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Explained: What is ‘Severe-Plus' air quality? Effect on health, GRAP

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New Delhi, Nov 01: Delhi is battling a severe crisis as the Air Quality plunged to 'Severe-Plus' category. The Air Quality has deteriorated so much that a public health emergency had to be declared and the government is distributing masks.

Delhi is enveloped in a thick, toxic layer of smoke and haze, and the situation is extremely alarming. Experts likened the situation to living in a gas chamber. AQI entered the "severe-plus" or "emergency" category late on Thursday night. Pollution levels increased alarmingly overnight. At 8.30 am, the capital's overall air quality index stood at 459. It was 410 at 8 pm on Thursday.

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'Severe-Plus' AQI: What does it mean?

The Air Quality Index (AQI), which takes into account five chief pollutants including PM10 and PM2.5, were alarmingly high on Friday or November 1. An AQI between 401-500 is considered ''severe'' and anything beyond 500 is ''severe-plus emergency''.

Air Quality Index (AQI) is a tool to showcase air quality status. It transforms complex air quality data of various pollutants into a single number and colour.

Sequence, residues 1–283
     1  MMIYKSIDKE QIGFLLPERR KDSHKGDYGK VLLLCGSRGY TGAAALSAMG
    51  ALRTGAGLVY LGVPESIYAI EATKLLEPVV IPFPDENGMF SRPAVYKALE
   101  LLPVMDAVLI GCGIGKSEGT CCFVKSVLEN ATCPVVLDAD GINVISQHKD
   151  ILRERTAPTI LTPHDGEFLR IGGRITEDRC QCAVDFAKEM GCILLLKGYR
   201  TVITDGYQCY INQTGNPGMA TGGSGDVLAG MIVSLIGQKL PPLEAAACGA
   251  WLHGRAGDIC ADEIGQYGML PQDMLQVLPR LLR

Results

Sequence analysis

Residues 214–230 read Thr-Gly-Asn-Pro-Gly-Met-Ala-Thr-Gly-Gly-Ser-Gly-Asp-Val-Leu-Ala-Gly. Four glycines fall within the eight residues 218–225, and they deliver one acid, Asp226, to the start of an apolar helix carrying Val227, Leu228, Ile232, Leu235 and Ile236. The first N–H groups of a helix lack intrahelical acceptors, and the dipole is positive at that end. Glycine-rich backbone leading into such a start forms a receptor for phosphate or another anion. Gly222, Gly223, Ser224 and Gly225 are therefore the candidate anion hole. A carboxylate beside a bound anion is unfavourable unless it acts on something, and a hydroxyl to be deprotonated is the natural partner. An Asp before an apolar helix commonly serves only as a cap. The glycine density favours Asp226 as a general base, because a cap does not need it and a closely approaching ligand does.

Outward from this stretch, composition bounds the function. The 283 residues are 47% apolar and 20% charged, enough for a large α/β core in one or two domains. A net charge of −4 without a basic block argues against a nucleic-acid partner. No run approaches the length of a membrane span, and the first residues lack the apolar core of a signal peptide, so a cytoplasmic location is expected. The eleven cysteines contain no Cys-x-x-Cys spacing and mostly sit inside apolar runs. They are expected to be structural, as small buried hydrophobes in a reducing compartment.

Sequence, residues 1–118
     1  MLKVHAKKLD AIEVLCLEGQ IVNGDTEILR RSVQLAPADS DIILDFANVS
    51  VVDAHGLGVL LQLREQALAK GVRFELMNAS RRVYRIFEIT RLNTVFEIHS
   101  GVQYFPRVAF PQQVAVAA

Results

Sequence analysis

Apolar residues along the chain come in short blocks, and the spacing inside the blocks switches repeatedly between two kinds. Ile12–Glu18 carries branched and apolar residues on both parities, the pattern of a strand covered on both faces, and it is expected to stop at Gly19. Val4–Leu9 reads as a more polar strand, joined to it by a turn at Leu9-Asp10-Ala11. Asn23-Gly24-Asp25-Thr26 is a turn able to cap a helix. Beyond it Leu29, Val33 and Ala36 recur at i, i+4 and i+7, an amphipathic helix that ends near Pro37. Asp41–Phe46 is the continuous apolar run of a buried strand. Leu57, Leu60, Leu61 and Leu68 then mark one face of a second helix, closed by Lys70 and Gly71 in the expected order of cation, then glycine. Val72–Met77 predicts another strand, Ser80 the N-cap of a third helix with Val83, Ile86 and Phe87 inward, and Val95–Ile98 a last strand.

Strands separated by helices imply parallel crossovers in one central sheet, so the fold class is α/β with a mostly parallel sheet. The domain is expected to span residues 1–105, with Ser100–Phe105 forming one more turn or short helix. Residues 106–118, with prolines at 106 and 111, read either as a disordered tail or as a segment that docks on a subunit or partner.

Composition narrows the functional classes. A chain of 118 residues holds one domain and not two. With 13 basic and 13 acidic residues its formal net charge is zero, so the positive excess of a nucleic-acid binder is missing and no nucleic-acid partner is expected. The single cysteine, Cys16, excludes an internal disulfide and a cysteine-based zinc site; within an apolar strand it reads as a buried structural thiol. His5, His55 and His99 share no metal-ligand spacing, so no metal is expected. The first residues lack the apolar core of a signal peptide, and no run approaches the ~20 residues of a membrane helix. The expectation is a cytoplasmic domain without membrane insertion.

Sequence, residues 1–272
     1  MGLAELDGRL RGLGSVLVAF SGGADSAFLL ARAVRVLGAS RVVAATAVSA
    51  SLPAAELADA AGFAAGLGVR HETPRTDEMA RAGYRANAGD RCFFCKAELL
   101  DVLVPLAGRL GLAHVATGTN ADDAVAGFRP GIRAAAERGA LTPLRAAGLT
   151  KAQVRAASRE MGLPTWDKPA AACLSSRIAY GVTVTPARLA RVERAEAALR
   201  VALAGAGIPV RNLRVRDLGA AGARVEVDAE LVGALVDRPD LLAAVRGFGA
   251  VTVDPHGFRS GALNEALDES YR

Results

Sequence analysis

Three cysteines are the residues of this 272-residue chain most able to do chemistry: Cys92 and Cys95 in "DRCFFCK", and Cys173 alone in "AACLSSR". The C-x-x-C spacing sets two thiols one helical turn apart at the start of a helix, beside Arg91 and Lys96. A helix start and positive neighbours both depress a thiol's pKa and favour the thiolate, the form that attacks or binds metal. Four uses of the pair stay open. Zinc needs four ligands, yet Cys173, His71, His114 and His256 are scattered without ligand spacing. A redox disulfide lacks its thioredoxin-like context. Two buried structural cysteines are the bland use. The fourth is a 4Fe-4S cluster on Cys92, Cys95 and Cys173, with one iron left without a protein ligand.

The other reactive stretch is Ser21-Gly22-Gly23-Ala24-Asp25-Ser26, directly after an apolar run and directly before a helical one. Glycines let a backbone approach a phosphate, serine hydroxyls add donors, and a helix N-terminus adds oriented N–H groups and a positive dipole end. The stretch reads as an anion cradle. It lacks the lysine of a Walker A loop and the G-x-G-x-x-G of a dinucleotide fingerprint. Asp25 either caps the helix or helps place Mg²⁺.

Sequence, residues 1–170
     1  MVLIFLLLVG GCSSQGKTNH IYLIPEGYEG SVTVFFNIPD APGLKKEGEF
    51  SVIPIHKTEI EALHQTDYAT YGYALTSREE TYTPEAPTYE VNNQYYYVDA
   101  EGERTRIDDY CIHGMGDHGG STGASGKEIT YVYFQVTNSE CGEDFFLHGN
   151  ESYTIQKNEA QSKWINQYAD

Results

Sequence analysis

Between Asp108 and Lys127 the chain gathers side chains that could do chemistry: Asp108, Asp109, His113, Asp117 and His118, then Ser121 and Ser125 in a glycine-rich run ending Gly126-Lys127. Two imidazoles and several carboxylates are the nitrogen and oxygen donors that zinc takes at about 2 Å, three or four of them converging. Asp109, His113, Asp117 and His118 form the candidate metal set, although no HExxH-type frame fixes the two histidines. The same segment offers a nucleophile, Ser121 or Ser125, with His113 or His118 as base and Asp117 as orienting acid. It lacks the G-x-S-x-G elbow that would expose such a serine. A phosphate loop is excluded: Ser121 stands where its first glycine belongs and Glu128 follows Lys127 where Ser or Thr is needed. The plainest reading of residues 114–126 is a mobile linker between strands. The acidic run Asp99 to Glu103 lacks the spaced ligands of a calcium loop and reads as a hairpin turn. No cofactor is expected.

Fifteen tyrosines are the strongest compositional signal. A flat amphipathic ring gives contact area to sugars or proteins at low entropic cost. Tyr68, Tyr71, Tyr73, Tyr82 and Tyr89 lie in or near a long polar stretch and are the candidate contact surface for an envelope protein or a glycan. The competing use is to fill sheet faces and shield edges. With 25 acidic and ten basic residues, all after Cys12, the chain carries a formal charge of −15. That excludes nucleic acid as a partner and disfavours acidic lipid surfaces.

[Public health emergency declared in Delhi-NCR as Air Quality deteriorates to "severe-plus"]

All the 37 air quality monitoring stations across Delhi recorded the air quality in the severe category on Friday morning. Bawana was the most-polluted area with an AQI of 497, followed by Delhi Technological University (487), Wazirpur (485), Anand Vihar (484) and Vivek Vihar (482). Neighbouring Ghaziabad was the most polluted city in the country, with the levels of PM2.5 reaching as high as 493. Greater Noida (480), Noida (477), and Faridabad (432) also breathed extremely polluted air.

Air Quality Index (AQI) categories:

The AQI has six categories. Each of these categories has a different level of health concern. For example, an AQI value of 50 is considered as 'good' air quality with little or no potential to adversely affect the health of the people of a particular area. The air quantity index takes into account five chief pollutants including PM10 and PM2.5.

  • AQI between 0-50 is considered Good.
  • AQI between 51-100 is considered Satisfactory.
  • AQI between 101-200 is considered Moderately Polluted.
  • AQI between 201-300 is considered Poor.
  • AQI between 301-400 is considered Very Poor.
  • AQI between 401-500 is considered Severe.

According to official data, the overall AQI in Delhi was 582 at 12.30 am.

AQI levels and likely impact on people:

  • Good - Minimal impact.
  • Satisfactory - May cause minor breathing discomfort to sensitive people.
  • Moderately polluted - May cause breathing discomfort to people with lung disease such as asthma, and discomfort to people with heart disease, children and older adults.
  • Poor - May cause breathing discomfort to people on prolonged exposure, and discomfort to people with heart disease.
  • Very poor - May cause respiratory illness to the people on prolonged exposure. The effect may be more pronounced in people with lung and heart diseases.
  • Severe - May cause respiratory impact even on healthy people, and serious health impacts on people with lung/heart disease. The health impacts may be experienced even during light physical activity.

What are PM 10 and PM 2.5?